Donavan, Jane, and I left Afton on Friday morning, motored down the St. Croix and Mississippi for about 9 hours, and arrived at the Lake City Marina before dark. Since our little motor has only 6 HP, we averaged about 5.5 knots (6 miles per hour) going down the river, with the current. Since the river is high right now, we actually maxed out at 9 knots. That is super fast for our boat!!! Donavan and I traded off steering the boat. Jane stayed busy by looking out the hatch and watching the scenery, playing mad libs, reading, and playing games on the kindle. Donavan used the auto pilot and made some adjustments to it, so it could "talk" to the garmin/GPS thing. We had to do a lot of dodging of logs, since they were floating all over, and could potentially cause damage to the boat. Unfortunately the auto pilot doesn't detect stuff like that. It's amazing seeing how high the river was--water was right up to the foundation of many homes and cabins. We saw the same thing last year over 4th of July. We saw a lot of bald eagles soaring above us, and landing in the tree tops.
This is a photo taken near Prescott, WI, where we have to wait for the two lift bridges to lift so that all 38-feet of our boat can get through/under the bridges. This is actually pretty cool to watch. Here's a link to video we took with the GoPro. I recommend skipping the first 10 minutes where we are literally driving in circles waiting for the trains to pass, and watching at 10:10, where the bridges actually lift up. Donavan talked to the guys running the bridges via radio. The rail road gets priority, so first the rail road bridge has to clear, then the highway-bridge guy has to stop traffic and open the bridge, and has to be coordinated together. There's a whole radio language that involves saying things like "over" after everything you say. I kept thinking about Dukes of Hazard when Donavan was talking, and I wanted him to say "This is Roscoe P. Coltrane!" Timing was of the essence, so I used my filter and refrained from saying that outside of my head. When the bridges are up, we needed to get our asses going, because there was line of cars waiting to get on with their Friday afternoon commute, and probably a train coming in the next 5-10 minutes.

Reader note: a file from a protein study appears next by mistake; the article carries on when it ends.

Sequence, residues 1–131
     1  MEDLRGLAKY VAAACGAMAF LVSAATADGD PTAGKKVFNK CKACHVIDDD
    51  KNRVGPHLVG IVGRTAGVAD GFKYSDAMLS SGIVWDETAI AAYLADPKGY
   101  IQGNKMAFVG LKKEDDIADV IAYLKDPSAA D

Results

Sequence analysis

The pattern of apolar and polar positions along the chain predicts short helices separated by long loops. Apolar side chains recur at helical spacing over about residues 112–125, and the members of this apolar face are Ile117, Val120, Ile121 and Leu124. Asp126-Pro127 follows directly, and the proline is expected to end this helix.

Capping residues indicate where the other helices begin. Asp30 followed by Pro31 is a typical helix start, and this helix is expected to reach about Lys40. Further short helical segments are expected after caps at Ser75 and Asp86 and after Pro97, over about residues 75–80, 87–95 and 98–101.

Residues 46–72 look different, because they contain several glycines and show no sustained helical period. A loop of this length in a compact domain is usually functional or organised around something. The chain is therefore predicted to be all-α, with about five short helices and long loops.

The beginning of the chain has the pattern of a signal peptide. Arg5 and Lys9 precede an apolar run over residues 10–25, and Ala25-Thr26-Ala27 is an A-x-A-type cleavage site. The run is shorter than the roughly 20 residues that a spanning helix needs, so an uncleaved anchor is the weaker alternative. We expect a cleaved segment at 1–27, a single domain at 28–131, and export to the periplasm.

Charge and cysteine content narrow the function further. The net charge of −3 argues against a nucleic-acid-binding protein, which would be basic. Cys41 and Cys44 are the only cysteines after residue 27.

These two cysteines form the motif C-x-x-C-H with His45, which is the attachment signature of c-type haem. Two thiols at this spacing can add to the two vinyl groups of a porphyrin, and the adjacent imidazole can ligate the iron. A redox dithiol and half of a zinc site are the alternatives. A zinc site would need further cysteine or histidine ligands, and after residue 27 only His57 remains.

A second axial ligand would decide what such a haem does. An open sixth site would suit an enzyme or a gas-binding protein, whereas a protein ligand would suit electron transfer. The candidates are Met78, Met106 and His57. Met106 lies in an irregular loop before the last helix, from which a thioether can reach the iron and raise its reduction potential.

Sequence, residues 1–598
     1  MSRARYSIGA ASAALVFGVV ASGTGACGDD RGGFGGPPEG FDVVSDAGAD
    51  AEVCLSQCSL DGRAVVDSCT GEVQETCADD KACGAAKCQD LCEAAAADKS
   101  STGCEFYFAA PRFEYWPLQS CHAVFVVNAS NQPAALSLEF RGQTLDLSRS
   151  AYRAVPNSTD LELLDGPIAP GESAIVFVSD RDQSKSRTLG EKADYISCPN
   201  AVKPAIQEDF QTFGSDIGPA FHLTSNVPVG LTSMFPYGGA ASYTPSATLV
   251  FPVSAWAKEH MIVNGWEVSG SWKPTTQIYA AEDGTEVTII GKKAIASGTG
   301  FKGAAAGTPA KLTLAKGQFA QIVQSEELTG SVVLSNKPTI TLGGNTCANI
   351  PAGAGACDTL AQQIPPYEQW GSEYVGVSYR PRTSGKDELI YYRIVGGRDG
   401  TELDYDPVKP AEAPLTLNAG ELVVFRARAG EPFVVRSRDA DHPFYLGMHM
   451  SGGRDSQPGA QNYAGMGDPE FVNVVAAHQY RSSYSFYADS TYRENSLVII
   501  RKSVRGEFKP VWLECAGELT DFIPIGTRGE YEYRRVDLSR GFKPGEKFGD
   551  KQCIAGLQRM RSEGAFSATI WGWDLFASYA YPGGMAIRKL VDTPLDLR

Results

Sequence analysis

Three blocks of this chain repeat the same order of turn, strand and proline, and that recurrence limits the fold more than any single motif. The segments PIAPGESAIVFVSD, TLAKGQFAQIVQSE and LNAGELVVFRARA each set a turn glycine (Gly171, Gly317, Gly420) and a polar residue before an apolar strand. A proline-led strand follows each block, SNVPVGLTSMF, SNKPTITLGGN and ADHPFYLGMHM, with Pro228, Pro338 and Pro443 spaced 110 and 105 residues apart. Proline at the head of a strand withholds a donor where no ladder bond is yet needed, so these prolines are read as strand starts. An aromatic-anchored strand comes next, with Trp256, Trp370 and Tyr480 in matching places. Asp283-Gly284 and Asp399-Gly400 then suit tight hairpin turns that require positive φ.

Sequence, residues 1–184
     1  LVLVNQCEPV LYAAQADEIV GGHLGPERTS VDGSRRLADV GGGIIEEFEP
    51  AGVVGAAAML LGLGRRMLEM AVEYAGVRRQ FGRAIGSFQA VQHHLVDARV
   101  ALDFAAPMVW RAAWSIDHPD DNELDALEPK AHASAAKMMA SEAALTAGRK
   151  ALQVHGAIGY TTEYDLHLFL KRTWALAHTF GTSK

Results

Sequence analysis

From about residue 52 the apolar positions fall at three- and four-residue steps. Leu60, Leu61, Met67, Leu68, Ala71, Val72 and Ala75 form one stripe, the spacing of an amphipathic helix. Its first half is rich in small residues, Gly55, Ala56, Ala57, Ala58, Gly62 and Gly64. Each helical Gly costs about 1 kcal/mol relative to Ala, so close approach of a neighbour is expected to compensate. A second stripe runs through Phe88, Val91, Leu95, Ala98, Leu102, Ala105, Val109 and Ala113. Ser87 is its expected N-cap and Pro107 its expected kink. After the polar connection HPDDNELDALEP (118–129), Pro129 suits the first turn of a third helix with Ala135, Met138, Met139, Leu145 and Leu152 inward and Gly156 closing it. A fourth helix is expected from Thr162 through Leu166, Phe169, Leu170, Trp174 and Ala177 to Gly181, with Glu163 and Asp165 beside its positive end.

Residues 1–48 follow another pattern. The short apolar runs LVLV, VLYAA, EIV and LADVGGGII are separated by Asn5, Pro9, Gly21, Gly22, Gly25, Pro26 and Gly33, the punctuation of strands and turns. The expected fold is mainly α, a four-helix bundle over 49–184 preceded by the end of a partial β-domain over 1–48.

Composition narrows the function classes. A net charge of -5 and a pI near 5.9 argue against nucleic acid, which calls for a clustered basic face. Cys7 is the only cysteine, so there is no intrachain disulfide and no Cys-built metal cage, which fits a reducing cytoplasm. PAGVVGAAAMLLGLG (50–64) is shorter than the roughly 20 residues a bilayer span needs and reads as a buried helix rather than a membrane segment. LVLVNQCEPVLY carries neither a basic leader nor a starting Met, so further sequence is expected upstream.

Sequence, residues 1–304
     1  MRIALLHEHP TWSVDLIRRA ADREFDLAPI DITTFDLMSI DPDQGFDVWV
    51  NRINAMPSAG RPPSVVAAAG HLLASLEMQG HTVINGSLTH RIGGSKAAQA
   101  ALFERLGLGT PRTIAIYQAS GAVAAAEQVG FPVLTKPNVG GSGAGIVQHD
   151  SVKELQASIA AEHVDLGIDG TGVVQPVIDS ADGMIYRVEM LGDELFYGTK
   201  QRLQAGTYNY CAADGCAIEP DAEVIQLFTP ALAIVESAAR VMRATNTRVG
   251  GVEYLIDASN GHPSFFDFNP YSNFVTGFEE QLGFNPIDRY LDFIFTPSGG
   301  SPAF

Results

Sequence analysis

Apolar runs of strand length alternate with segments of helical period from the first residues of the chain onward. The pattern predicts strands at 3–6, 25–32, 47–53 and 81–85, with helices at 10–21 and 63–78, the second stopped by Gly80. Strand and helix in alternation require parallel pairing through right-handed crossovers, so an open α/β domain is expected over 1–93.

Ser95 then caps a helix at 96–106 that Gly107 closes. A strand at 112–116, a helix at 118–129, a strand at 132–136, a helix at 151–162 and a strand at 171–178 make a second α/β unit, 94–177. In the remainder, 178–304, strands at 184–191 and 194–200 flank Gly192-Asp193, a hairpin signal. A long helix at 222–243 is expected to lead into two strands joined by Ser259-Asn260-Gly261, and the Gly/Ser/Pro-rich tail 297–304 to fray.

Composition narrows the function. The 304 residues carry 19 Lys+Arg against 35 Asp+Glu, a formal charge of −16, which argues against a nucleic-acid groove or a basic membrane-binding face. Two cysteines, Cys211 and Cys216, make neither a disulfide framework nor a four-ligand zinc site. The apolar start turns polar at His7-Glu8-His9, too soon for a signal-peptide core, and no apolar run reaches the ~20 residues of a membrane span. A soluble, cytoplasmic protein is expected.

Saturday morning it rained, so the club decided to start the sailing in the late morning. Shortly after we got the sails up, the first gust of wind came along, and we all heard a booming, pinging sound from the back of the boat. Within a few seconds, Captain Cummings ordered the sails to be dropped, and he was already starting the engine. He realized that the metal rudder box that holds the tiller to the rudder had cracked at one of the corner seams, and split about 3/4 of the way up the side. We'll include photos later after we get them from our friend. Without the rudder box holding everything together, it was possible we could have lost steering. So it was important for us to get back to shore.
Within 10 minutes, we were tied to the dock and Donavan had removed the rudder box. He talked to the manager Mark at the Lake City Marina, who called a place on our behalf that could weld the part...on a Saturday afternoon! And, Mark offered to drive Donavan there. What a rock star! Donavan borrowed a car from a fellow club member, and got the part welded. He was back within the hour, and we were back in the lake with the sails up shortly thereafter. That was the best scenario that we could have imagined. We figured that we were done sailing for the weekend when it first happened. But thanks to Mark and our friends, we were able to salvage the afternoon and get some good sailing in.
The winds were calm, but it made for a lovely, leisurely sail. As always, we got to know some fellow sailors better, and made new friends. Saturday night we had a tasty dinner at Port 104, and on the walk back to the boat, Jane and I spotted baby ducklings on an evening swim with their mother.
Sunday morning was sunny and beautiful. However, little to no wind. Jane expressed interest in doing something other than being on the boat on Sunday, so her and I spent the morning at the park and beach, hunting for sea glass and pretty shells and rocks.
We were able to get photos of the Donovan Too coming in from their sail on Sunday afternoon.
On Sunday afternoon, we said good-bye to our friends, and began our return trip, up river against the current. We reached the lock and dam #3 (5 miles upstream of Red Wing, MN) and discovered dragonfly exuvia stuck to the lock and dam wall.
We arrived at the Treasure Island Marina at 8 pm Sunday night. We were going about 2-3 knots at full throttle, so considerably slower than the trip down river. Donavan decided to ride the mast for some reason, and I took a quick shot before he changed his mind. The sunset was beautiful beyond words.
Monday we filled up with gas in the morning at 9 am, and returned to our home base at the Afton Marina at about 5 pm. Donavan used the auto-pilot from Prescott to Afton. The boat steered itself, and made for easy navigation. It was a slow return trip, and allowed for relaxation and time together. I enjoyed the slow pace, and could soak in the sights and sounds. It felt like a human pace, which often isn't the case when driving 60 mph in a car, or flying above the clouds. Sailing is definitely about the journey, not the destination. I'm celebrating my 40th birthday tomorrow, and enjoying the journey is definitely more important to me than it used to be. I wouldn't change a thing about my journey.